"I Ching" in Daoism or Taoism

The “I Ching” – the “Book of Changes” – is one of the five canonical works that constituted the foundation of philosophical and scientific teaching in the culture of China. King Wen, an ancestor of the Chou Dynasty formulated this ancient Chinese wisdom far more than 3000 years ago. It preserved in the form of the 64 characters that we today call hexagrams (Hoefler, 1988, p.8). For, religious practice it was valuable because it helped to understand the peculiarities of relations between Yin and Yang, and it was a system of divination. Although, the “I Ching” has been used to tell the future, its real significance lies far deeper.

To understand this significance, firstly, it is necessary to analyze the formation of the name “I Ching” because covert nature of the phenomenon is always encrypted in its name. “Ching” is a Chinese character that translates as “Canonical Book”. Canonical in this case is synonymous with exemplary, in accordance with the canon, which is an old expression for the collection of Mystery books (such as Bible) that taught the Faith. “I” means “chameleon”, the lizard that can change the color of its skin depending on conditions such temperature fluctuation, hunger, fear or varying light. The chameleon is very similar to a human being, whose aura surrounding and protecting the astral body will change in color whenever a person undergoes changes (change of state of health) (Hoefler, 1988, p.8). The real mission of “I Ching” is to not only predict the future, but also help a person to develop his or her Faith. Moreover, it is concentrating on the state of human being’s aura. Therefore, “I Ching” is a way to get insight into one’s own life and change it for better. It is a guide, which offers a person direction in every conceivable situation: teaching, information, encouragement, advice, warning (Hoefler, 9).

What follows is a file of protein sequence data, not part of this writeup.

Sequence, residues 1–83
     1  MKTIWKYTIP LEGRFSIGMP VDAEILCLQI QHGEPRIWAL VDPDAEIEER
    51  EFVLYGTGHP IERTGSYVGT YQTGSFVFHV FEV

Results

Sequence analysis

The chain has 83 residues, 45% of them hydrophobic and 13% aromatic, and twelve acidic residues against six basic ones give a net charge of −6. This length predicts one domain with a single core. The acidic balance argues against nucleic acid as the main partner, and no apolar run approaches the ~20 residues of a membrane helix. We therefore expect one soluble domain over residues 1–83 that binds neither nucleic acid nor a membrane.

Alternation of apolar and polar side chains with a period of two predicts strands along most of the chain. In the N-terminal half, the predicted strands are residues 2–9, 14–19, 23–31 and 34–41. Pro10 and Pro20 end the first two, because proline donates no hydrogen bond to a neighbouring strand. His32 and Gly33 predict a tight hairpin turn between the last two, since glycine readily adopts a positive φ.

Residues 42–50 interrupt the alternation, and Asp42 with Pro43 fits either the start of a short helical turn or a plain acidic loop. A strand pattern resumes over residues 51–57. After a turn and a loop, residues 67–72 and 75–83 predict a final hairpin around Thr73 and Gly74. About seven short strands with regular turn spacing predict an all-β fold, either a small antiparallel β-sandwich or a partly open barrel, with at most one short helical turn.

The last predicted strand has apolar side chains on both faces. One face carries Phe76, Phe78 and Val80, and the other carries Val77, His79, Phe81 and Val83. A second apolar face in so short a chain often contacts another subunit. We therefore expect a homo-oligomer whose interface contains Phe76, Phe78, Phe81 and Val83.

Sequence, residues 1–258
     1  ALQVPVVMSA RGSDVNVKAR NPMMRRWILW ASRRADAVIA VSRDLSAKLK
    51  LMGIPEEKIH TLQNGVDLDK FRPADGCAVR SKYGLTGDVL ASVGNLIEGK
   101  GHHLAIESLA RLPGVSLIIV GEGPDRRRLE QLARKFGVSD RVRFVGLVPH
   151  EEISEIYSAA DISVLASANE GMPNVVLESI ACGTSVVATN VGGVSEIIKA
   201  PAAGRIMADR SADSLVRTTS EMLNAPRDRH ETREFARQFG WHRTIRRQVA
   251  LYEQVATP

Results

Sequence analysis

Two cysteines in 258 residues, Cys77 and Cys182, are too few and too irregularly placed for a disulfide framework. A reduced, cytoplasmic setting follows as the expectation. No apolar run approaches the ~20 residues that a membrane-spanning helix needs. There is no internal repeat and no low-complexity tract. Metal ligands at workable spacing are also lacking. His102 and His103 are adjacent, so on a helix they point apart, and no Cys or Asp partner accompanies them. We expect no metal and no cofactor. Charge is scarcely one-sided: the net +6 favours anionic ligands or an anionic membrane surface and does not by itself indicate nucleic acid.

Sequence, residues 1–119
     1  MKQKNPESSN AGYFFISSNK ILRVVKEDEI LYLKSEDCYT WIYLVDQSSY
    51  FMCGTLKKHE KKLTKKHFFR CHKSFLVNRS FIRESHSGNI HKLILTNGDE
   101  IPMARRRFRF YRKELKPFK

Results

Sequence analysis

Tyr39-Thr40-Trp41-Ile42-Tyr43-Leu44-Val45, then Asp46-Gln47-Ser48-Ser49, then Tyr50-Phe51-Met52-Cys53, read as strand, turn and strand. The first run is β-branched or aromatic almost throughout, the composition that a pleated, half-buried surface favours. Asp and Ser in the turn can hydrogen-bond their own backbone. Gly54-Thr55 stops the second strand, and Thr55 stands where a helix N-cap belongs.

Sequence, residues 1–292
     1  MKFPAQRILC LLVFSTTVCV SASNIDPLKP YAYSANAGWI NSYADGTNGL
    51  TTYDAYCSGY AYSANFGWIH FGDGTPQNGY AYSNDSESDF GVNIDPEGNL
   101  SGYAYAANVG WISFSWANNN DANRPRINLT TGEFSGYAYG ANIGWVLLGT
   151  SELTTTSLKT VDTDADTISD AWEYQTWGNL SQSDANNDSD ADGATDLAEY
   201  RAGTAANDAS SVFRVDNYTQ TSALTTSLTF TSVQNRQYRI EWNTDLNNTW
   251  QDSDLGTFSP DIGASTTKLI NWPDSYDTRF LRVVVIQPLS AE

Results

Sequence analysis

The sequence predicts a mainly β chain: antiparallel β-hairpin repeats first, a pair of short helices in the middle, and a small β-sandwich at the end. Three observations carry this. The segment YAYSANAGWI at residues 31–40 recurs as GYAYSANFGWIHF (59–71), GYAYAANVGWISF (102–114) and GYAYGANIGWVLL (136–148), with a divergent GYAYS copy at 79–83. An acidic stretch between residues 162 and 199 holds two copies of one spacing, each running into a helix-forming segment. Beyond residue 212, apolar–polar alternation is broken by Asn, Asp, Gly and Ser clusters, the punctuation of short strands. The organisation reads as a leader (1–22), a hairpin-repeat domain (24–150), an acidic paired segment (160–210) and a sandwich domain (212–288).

Apart from great importance of “I Ching” in the life of every separate person, who believes in its power, this book is a great source of knowledge for eastern nations. Into the twentieth century, “I Ching” occupied a central place in Chinese culture, from the perspectives of philosophy, art, religion, and literature to those of politics and social life. Scientists found inspiration in the symbolism, language, and imagery of the “I Ching”. The book brought also many positive contributions in the field of literature by providing an analytical vocabulary, which serves in virtually area of elite and popular culture. In addition, Chinese scientists used “I Ching” – derived numerology, symbolism and mathematics to explain a wide range of natural phenomena and processes in the fields of physics, astronomy, biology, chemistry, meteorology, medicine, and geology (Smith, 2012, p.2).

“I Ching” also helps to reveal the peculiarities of Chinese thought. Although, it may seem that this book, which was originally a book of oracles that answered “yes” or “no”, is able only to predict future, in fact, by these opposites it reveals the nature of Chinese philosophy.  Chinese philosophy is a middle one between Buddhism and the philosophy of existence. Buddhism, which regards all existence as no more than illusion, and the philosophy of existence, which regards the existence as real behind the illusion of becoming are mixed together in Chinese  thought and connected together by adding the element of time. It means that Chinese people believe that when two incompatible conditions meet in time, they become compatible by following each other in time, the one changing into other. This is the major idea of the Book of Changes: opposition and fellowship are produced together by time (Wilhelm, 1979, p.3).

To sum up, “I Ching” is not only a book that has a power to predict the future but also a book, which shows the way to improvement of Faith for every person, and a source, which reveals peculiarities of Chinese culture and helps to understand the nature of Chinese philosophy.

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